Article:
Wildland fire is a broad term that encompasses both wildfire and prescribed fire. Historically, wildland fires burned frequently throughout Texas and were a natural part of the ecosystem. These historic fire regimes were often characterized by high frequency-low intensity fires that were important in establishing and maintaining native plant and animal communities that were adapted to fire. Gradually, natural areas were displaced with agriculture, urban expansion and more effective fire suppression. With the introduction of fast growing, non-native plant species, these once fire adapted ecosystems became overstocked with highly flammable vegetation.
Armed with a better understanding of the importance of fire in Texas’ native ecosystems, land managers began to reintroduce fire back into the landscape with carefully planned prescribed fires. Today, prescribed fire is commonly used as a tool help manage vegetation growth in natural areas and restore native plant and animal communities.
Prescribed fires near wildland urban interface areas can help keep wildlands open and aesthetically pleasing, while also reducing the overall vegetative fuel available – which reduces the surrounding community’s vulnerability to catastrophic wildfire.
Benefits of Prescribed Fire:
Prescribed fire can have many benefits, including:
- Reduction of hazardous vegetative fuels
- Recycling nutrients back into the soil
- Promoting growth of healthy, native trees, wildflowers and other plants
- Improving wildland aesthetics
- Minimizing the spread of insects and diseases
- Increasing production and quality of forage and browse for wildlife and livestock
- Supporting native plant species
- Many plants germinate after fire.
- Lush, new growth after a fire provides cover for small mammals and birds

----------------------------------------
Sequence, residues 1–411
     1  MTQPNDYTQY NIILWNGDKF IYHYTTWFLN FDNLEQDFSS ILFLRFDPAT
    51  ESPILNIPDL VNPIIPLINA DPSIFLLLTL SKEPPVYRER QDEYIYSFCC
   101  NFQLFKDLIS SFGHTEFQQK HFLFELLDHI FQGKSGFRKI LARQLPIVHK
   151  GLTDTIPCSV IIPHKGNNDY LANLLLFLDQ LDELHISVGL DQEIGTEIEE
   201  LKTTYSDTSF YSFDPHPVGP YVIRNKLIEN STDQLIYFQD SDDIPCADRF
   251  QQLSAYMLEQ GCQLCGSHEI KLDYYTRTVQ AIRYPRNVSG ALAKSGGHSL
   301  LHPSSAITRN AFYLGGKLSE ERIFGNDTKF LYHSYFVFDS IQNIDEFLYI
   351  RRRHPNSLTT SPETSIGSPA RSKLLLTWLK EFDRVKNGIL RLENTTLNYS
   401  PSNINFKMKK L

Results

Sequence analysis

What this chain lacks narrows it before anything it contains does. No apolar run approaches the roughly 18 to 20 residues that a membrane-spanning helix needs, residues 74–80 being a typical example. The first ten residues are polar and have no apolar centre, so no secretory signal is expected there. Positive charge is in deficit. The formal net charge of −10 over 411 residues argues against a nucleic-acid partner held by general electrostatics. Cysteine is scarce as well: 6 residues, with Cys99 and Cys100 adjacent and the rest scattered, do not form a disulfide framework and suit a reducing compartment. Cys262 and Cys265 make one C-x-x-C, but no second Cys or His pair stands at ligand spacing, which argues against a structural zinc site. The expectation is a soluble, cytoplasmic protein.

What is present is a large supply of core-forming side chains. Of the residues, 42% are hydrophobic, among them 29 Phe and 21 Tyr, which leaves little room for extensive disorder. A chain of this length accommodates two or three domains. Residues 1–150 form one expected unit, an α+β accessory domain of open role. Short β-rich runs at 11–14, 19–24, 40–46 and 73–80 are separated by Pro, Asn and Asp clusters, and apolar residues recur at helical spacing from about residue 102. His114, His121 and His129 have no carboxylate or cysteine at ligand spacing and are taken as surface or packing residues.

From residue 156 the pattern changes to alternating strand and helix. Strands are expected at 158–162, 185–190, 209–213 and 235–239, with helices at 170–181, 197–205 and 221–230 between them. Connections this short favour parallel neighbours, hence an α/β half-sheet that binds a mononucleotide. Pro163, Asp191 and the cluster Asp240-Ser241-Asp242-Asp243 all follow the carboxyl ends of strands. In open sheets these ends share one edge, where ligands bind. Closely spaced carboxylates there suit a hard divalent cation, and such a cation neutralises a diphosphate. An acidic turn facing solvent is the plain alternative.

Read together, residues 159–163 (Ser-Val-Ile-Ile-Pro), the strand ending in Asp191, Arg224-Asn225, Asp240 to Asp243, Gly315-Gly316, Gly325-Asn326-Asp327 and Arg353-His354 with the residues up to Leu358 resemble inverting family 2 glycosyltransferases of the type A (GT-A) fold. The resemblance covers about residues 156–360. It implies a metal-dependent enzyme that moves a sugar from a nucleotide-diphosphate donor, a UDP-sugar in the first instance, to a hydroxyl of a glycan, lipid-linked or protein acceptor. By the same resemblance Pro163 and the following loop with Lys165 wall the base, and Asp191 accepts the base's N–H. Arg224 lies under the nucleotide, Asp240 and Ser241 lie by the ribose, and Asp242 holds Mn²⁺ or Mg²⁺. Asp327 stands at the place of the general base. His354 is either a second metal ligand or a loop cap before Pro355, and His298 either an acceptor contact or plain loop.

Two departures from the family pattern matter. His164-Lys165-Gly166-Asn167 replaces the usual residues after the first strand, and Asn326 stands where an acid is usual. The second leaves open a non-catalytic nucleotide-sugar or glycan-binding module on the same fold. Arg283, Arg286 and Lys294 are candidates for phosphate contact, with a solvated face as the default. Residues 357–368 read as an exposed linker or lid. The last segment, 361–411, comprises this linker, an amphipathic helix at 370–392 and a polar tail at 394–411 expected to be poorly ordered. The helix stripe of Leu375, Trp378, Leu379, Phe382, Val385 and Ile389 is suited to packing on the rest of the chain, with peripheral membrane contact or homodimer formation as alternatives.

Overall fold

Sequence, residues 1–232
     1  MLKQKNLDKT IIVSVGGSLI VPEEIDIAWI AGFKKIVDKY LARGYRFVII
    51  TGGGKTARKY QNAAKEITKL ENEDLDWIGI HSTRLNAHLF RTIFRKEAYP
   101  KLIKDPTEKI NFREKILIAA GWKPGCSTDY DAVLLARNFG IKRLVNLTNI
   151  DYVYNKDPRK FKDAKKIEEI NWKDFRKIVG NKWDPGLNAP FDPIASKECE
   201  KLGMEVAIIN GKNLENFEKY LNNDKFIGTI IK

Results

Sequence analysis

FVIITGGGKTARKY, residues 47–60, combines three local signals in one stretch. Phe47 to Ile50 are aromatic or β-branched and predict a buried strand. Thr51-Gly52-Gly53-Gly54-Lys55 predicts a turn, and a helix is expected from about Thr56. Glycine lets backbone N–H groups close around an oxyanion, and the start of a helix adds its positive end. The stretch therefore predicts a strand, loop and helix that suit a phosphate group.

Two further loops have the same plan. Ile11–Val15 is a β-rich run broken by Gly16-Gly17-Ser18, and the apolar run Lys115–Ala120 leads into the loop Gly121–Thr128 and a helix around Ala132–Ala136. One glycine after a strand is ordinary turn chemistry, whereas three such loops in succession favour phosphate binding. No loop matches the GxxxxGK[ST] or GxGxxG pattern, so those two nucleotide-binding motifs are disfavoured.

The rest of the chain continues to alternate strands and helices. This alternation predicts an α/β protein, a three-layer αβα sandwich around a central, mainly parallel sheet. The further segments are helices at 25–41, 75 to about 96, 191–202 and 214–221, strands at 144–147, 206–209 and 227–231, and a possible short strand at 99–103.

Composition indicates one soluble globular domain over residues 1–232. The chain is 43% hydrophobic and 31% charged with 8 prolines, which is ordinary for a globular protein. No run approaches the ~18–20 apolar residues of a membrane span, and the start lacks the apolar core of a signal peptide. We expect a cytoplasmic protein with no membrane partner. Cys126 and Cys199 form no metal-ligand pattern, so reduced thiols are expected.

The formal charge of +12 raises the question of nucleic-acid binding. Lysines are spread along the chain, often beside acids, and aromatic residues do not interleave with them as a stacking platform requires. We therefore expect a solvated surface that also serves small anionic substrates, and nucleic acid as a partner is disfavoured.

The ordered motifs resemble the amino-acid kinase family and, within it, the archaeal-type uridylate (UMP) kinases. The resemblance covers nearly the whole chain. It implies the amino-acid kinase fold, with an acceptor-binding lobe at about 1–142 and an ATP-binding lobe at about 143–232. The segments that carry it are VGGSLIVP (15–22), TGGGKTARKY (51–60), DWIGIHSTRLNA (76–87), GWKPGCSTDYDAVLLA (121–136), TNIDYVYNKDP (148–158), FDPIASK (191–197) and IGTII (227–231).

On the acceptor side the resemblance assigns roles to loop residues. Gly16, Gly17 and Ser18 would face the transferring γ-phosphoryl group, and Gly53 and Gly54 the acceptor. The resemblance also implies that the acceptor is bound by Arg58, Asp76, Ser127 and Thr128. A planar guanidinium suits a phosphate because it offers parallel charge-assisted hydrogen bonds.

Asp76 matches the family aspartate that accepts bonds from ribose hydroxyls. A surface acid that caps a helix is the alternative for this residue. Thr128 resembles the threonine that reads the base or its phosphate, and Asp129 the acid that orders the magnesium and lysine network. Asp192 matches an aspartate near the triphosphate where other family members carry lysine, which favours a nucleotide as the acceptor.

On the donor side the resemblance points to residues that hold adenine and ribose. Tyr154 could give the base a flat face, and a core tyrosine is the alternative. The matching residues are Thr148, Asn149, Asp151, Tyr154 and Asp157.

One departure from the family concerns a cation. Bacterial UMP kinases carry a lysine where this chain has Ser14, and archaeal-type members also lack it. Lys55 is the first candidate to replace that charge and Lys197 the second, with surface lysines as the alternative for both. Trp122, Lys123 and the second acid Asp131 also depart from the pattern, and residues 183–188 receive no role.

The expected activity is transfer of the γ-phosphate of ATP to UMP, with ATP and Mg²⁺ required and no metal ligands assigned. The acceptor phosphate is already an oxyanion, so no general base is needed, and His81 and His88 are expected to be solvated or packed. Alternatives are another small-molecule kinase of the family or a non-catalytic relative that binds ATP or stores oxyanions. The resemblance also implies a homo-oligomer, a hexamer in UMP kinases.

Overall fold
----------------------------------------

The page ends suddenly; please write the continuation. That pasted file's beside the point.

- Reduction of dead leaves and downed brush on the forest floor
- Helping maintain natural communities, such as prairies and savannahs
Prescribed Fire Planning
Prescribed fires must be carefully planned and executed to ensure the safety of fire crews, neighboring communities and the landscape. The prescribed fire planning process begins with the creation of a Prescribed Burn Plan. These plans establish management objectives and include safety, contingency and communications plans, weather conditions and resources required for the burn, site description and information, and a Go/No-Go checklist.
Prior to the burn, fire breaks are constructed around the burn unit where necessary. Fire breaks are non-burnable strips surrounding a burn unit that are intended to contain a surface fire within the burn unit. Fire breaks may include existing natural and manmade features, such as rivers and roads, or constructed by removing all flammable vegetation in a continuous strip down to bare mineral soil.
On the day of the burn, fire breaks are inspected and the Go/No-Go checklist is utilized to ensure all variables (weather, available resources, safety/communications plans, etc.) are within the prescription of the burn plan before any ignitions take place. Once ignited, the perimeter of the burn unit is continuously patrolled to ensure no fires escape onto adjacent properties.
For more information on prescribed fire, visit Texas A&M Forest Service’ website at https://tfsweb.tamu.edu/PrescribedBurns/.